Photo of Bob Ainsworth Bob Ainsworth The Parliamentary Under-Secretary of State for the Home Department

Amendment No. 1 would require the Secretary of State to appoint a deputy director of the agency for Northern Ireland. Amendment No. 6 would require the appointment of a deputy director for Northern Ireland rather than, as is currently proposed, a senior official, but it would not require that appointment to be made by the Secretary of State.

The Government are committed to combating crime in Northern Ireland and to ensuring that the agency operates effectively there. The possibility of a separate agency for Northern Ireland was considered with colleagues from Northern Ireland before the Bill was introduced. It was agreed that there should instead be a single agency with a unified management structure, and that is reflected in the Bill.

It may be helpful if I explain how we envisage the agency being structured in Northern Ireland. We envisage that it will have a presence—an office and operational staff—in Northern Ireland, which can be achieved administratively. A senior official in the agency will have the specific responsibility of exercising the director's functions in Northern Ireland. Schedule 1 states that the director will appoint that official, and will also be required to make specific references to Northern Ireland in his annual plan. The Secretary of State must approve the annual plan as a whole. We envisage that the Home Secretary will take the lead on that, but approval will not be given without consultation with the Secretary of State for Northern Ireland. We also envisage that the director will keep both the Home Secretary and the Secretary of State for Northern Ireland informed of the plan's progress. Although the Home Secretary will be accountable to Parliament for the agency, we expect that the Secretary of State for Northern Ireland will give answers relating to Northern Ireland.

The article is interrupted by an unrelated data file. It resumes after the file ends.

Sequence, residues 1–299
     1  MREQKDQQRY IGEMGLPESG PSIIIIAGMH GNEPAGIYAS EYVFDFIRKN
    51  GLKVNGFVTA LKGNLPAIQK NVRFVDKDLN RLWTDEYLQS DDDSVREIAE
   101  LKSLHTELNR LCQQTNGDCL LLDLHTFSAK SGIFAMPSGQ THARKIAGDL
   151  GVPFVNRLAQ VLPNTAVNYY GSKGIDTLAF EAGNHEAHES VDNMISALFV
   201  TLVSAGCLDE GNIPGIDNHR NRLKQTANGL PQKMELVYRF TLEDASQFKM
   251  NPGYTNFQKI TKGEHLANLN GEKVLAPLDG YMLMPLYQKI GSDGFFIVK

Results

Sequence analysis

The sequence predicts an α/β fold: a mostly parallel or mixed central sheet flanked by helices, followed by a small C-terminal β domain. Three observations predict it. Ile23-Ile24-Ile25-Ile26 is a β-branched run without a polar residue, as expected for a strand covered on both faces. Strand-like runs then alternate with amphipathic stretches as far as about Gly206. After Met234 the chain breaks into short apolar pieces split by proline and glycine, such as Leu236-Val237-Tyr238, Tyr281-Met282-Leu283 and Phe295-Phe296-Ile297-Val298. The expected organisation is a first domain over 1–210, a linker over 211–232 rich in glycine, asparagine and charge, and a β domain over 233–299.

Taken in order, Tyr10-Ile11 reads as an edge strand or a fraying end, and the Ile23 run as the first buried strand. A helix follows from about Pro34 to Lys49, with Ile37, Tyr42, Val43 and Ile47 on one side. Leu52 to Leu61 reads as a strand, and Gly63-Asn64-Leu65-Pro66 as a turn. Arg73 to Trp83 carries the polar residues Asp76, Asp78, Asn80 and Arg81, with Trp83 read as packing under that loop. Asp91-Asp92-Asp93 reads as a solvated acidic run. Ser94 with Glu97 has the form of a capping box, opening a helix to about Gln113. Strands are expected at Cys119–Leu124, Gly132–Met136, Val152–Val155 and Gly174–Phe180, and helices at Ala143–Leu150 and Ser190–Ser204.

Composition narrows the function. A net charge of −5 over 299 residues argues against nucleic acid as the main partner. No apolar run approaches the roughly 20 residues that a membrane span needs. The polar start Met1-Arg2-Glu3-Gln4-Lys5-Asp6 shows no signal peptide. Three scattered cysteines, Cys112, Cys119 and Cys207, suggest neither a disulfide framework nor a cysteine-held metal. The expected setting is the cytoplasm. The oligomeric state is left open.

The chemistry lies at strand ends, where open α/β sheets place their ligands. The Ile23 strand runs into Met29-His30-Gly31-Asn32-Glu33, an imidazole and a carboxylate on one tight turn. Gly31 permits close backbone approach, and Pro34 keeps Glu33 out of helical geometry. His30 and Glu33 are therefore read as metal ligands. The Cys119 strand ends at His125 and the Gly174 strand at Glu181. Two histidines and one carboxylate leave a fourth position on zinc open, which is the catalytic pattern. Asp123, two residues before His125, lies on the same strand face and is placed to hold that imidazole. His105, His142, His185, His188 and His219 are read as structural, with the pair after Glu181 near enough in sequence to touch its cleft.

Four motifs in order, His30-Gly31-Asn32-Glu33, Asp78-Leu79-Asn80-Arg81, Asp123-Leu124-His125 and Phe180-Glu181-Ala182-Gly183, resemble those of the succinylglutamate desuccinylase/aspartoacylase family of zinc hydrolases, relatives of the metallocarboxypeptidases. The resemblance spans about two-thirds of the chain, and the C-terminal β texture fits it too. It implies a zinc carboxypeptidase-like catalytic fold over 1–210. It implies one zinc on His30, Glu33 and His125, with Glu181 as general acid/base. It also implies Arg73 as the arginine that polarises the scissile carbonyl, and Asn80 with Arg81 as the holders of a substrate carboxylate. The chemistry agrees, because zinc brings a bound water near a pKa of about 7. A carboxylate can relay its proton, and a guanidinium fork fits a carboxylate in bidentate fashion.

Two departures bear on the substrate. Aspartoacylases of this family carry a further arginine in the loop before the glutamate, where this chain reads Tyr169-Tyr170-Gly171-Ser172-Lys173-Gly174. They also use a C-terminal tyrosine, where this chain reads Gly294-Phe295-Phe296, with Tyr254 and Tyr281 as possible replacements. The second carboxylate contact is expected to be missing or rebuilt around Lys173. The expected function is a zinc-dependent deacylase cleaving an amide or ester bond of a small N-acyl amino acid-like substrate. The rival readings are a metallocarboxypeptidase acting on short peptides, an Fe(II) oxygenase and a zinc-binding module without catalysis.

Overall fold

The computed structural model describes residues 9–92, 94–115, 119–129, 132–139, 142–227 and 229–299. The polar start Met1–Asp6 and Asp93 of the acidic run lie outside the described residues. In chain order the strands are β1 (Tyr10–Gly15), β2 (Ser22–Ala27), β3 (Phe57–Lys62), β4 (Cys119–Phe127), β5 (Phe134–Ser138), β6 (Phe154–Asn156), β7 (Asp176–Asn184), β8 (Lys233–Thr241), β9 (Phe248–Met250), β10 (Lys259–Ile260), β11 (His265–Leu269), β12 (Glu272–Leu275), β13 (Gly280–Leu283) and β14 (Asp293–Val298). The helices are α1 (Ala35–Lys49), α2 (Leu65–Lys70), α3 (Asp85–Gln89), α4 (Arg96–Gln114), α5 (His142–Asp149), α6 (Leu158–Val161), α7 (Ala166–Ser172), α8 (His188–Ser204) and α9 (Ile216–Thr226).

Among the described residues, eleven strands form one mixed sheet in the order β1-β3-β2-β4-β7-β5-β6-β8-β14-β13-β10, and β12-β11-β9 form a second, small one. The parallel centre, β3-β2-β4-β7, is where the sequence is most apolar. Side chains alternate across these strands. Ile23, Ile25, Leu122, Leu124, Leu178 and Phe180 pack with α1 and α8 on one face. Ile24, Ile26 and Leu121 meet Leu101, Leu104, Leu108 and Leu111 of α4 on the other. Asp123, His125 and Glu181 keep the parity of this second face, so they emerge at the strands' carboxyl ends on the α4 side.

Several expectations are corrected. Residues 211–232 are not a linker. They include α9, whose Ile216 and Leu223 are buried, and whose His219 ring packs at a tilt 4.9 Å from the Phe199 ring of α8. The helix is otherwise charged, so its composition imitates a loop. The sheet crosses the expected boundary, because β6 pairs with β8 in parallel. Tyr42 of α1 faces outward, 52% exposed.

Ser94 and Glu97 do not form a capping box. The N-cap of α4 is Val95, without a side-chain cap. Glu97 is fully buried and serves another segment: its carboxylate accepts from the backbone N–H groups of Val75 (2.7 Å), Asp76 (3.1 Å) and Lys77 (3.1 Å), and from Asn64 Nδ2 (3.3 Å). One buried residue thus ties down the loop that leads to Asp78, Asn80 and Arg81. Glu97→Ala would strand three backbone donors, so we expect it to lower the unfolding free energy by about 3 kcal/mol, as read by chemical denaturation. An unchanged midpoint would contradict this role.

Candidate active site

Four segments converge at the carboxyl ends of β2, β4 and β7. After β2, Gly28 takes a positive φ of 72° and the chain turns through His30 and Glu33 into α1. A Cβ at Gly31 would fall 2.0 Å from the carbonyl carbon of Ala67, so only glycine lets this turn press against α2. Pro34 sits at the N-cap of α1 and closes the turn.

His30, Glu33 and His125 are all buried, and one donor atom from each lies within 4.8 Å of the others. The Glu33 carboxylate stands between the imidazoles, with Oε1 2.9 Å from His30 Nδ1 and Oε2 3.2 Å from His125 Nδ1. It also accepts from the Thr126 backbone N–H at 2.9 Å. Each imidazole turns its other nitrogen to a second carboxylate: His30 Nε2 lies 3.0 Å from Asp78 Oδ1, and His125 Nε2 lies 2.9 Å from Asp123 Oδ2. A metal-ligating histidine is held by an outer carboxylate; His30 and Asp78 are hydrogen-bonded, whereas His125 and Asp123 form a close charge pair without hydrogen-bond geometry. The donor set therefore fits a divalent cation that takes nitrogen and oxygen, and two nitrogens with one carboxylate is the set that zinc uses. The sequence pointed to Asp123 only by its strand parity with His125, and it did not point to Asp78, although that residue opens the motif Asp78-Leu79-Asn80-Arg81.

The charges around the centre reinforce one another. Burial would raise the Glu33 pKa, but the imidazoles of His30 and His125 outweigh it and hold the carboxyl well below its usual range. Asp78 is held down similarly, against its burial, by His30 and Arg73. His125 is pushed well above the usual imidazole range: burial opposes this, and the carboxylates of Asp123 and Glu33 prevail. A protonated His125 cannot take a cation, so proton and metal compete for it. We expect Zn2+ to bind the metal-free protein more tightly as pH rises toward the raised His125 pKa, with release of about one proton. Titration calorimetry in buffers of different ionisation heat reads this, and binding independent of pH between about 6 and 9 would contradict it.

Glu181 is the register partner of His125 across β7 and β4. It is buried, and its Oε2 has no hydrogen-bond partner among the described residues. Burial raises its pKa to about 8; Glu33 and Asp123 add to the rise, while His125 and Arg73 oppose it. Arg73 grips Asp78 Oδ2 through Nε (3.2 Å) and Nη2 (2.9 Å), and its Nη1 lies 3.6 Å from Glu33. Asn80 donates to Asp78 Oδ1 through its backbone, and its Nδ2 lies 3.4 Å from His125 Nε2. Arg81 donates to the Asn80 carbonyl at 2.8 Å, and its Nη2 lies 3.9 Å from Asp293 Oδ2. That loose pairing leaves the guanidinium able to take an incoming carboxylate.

That is the background against which we should consider the amendments, which raise two questions. First, should the agency have an official with the title of deputy director for Northern Ireland? If the answer to that is yes, the second question is whether any such deputy director should be appointed by the Secretary of State rather than by the director.

The Bill requires that the agency's staff must include a senior official with specific responsibility for exercising his functions in Northern Ireland. That is set out in paragraph 4 of schedule 1. The director will make that appointment, just as the director will appoint his deputy. Do we need the official appointed to the Northern Ireland office to be termed a deputy director rather than a senior official?